Getting some background information before you start researching will help you focus your topic and give you an idea of what to look for in your search. Here are some Reference Databases you can use to get a basic understanding of your topic.
Credo Reference: Over 200 encyclopedias, almanacs, and specialized reference sources.
Opposing Viewpoints in Context: Features viewpoint articles, and topic overviews on controversial topics.
Before you start your research, brainstorm some broader, narrower and/or related keywords to help with your research. These keywords can come from your own knowledge of your topic or from searching background information.
Let's say I would like to answer the question: How has the popularity of Cantonese opera performances in Hong Kong changed over the last 100 years?
|Main Keyword 1||Main Keyword 2||Evidence Keywords|
|Cantonese opera||Hong Kong||opera troupes|
|Chinese opera||Sunbeam Theatre||immigration|
As you start researching, you may find other terms to add to your Keyword Toolbox. Don't hesitate to add or eliminate keywords to find relevant results.
You might also take some time to think about what kinds of resources you should be using to answer your research question. For example:
Historical resources ("over the past 100 years"): primary sources, newspaper articles (recent and historical)
Critical analysis (how popularity has changed): scholarly articles that look at how interest in Cantonese opera has changed
Definitions (what do I mean by "Cantonese opera" or "popularity?"): background information, marketing materials (how are opera houses advertising performances?)
Using AND & OR in a Database
Librarian tips & tricks! Putting your search term in quotation marks will make sure the database only searches those two terms right next to each other, like "performing arts". Including an asterisk (*) will truncate your keyword, so immigr* will search for immigrant, immigrants, immigration, etc..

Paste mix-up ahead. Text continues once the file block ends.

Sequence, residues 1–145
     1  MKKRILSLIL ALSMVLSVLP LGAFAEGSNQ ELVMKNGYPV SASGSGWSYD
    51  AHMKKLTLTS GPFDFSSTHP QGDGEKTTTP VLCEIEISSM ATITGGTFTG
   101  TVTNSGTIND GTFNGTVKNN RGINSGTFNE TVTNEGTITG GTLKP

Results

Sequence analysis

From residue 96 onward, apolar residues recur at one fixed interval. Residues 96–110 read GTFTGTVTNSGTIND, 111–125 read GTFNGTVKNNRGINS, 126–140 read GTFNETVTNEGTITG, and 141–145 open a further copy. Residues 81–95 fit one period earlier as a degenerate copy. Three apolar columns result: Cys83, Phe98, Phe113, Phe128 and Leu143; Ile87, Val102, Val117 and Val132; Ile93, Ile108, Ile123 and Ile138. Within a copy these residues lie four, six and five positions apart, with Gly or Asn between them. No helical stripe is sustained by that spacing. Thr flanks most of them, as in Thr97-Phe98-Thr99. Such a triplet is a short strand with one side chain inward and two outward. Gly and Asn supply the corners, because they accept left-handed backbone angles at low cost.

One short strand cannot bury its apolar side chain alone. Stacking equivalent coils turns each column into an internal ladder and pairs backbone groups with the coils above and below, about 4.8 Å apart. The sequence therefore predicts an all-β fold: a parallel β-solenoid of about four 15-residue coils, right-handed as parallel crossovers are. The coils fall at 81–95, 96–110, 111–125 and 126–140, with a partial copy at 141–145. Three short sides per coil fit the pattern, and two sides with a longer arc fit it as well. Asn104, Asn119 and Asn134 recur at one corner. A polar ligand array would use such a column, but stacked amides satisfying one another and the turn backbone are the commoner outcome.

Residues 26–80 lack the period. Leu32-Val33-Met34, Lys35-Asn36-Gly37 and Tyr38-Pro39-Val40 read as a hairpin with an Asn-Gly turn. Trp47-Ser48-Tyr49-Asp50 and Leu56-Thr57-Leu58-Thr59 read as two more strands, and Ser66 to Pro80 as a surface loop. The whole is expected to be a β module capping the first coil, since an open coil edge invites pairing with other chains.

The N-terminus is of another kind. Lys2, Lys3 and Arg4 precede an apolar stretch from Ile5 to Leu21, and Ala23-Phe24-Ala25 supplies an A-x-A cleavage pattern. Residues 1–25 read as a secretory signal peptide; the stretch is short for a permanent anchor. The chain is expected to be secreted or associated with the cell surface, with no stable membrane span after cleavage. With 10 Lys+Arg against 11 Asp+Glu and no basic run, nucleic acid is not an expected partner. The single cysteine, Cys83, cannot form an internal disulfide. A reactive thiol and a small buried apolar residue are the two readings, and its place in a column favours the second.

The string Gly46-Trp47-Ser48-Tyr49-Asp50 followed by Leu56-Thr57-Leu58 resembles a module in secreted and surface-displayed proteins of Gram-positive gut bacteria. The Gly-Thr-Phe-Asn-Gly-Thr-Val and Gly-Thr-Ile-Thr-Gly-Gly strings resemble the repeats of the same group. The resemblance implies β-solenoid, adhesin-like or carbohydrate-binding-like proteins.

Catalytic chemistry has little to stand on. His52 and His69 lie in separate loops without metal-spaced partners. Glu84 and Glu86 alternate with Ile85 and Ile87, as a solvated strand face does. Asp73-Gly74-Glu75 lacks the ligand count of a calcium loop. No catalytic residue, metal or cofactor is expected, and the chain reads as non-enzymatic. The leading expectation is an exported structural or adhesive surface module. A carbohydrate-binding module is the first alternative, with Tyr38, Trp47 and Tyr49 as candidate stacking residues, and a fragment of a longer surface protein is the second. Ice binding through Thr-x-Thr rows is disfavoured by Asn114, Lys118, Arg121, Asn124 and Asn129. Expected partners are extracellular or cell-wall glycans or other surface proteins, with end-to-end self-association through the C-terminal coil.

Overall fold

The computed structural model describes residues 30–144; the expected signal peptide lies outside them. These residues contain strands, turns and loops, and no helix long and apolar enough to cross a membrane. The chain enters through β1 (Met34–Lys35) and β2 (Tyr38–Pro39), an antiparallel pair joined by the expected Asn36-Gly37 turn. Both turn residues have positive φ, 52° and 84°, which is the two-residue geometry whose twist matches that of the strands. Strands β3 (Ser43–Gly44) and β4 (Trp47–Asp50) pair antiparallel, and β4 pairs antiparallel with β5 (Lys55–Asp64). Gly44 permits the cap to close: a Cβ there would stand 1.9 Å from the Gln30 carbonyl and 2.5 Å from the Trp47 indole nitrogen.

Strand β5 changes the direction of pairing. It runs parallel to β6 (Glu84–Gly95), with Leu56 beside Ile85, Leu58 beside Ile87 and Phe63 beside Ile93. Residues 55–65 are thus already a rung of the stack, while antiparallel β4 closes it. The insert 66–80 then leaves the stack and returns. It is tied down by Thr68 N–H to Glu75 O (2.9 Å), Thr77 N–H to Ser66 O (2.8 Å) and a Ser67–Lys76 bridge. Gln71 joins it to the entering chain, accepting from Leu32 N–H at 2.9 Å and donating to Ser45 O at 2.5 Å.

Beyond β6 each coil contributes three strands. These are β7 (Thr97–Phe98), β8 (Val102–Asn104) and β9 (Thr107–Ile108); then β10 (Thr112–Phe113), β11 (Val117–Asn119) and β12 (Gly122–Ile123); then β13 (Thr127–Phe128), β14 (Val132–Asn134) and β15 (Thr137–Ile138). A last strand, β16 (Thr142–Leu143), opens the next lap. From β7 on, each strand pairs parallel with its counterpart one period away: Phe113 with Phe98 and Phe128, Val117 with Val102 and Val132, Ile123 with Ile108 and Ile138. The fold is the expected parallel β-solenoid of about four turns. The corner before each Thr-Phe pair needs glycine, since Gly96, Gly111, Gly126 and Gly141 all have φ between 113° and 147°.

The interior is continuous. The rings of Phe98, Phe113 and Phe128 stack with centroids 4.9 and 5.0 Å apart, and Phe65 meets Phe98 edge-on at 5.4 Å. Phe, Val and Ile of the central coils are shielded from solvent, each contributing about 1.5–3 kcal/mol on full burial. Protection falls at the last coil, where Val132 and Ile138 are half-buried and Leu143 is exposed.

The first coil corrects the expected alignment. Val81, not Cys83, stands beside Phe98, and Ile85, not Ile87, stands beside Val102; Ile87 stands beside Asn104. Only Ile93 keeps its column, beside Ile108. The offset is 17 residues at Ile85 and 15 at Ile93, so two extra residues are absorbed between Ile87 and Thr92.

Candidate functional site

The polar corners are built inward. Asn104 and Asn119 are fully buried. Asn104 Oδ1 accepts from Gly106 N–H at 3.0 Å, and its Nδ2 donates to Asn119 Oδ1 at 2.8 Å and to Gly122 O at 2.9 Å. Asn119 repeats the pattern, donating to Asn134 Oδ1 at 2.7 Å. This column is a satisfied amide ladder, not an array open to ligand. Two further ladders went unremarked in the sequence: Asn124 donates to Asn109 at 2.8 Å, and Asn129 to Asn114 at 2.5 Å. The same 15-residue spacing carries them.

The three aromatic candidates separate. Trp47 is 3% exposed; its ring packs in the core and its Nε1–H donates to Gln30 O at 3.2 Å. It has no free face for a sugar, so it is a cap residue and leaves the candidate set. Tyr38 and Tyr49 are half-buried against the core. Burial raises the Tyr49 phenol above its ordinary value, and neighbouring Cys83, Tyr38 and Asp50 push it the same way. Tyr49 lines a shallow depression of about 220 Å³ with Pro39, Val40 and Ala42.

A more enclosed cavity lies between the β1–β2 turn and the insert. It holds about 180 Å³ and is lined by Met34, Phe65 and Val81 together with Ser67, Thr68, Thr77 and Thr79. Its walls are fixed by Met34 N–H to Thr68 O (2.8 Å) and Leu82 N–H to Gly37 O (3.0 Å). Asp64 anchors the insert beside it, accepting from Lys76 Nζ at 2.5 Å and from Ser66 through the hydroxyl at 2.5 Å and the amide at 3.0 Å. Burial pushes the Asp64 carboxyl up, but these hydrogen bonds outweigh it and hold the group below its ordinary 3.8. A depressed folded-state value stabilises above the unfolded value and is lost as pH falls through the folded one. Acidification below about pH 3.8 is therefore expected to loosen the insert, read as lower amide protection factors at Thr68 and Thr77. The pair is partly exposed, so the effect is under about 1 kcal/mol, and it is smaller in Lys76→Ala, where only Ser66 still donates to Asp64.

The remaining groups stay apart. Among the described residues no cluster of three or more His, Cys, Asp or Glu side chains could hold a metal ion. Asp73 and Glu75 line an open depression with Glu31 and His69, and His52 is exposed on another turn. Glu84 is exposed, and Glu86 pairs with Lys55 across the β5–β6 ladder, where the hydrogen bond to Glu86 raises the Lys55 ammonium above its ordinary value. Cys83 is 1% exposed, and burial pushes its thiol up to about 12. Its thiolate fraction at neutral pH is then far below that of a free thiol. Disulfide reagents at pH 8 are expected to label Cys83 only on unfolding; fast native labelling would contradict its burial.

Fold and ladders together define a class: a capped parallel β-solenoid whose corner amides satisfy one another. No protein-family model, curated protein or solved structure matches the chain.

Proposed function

Remember- AND narrows your search while OR broadens it. Think of it like a Venn Diagram:
|Returns results with all of your keywords||Returns results with any of your keywords|
Find Articles in Databases
General/Multi-Subject Databases: These will bring back results from different disciplines and sources
Subject Databases: These will bring back results from a specific discipline:
Communication & Mass Media: Over 600 journals in communication studies, speech, mass media, journalism and more.
Historical Abstracts: Covers scholarly literature in history. All world history (1450 to present) is covered EXCEPT that of the United States and Canada.
America: History & Life: Journals as well as dissertations on the history and culture of the United States and Canada.
Sociological Abstracts: Articles and book chapters in the field of sociology
Art Full Text: Full text articles from the art field from 1997-present
Find more databases on the Databases by Subject page.
If you need an article or book that we don't have, we can order it from another library through Interlibrary Loan.
Accessing Library Resources through Google Scholar
Click on Settings
Select Library Links
Search for CSUN, check the box and Save
If an article is available through a library database, you'll be able to access it by clicking on SFX Find It at CSUN
Ask A Librarian: Get help by text, e-mail, phone or in-person
Citing Your Sources: Get help with MLA Style Citations
The Writing Center: Make an appointment with a writing consultant to help with all stages of writing your paper.
Find Sources Using the Library's OneSearch Tool
Visit the OneSearch FAQ to learn all about how to use the library's new online OneSearch tool to find articles, books and more. Or, watch the How to Use OneSearch video:
It is important to evaluate your sources- even if they're scholarly. Use the CRAAP test as a guideline. This video will explain:
What is a Scholarly Article?
Unsure about what it means when an article is scholarly? This video will explain:
Find an Article From a Citation
Learn more about the components of a citation and how to find an article using one at the Research Therapy Series' Finding an Article From a Citation.
This video will roughly explain how different information sources are created: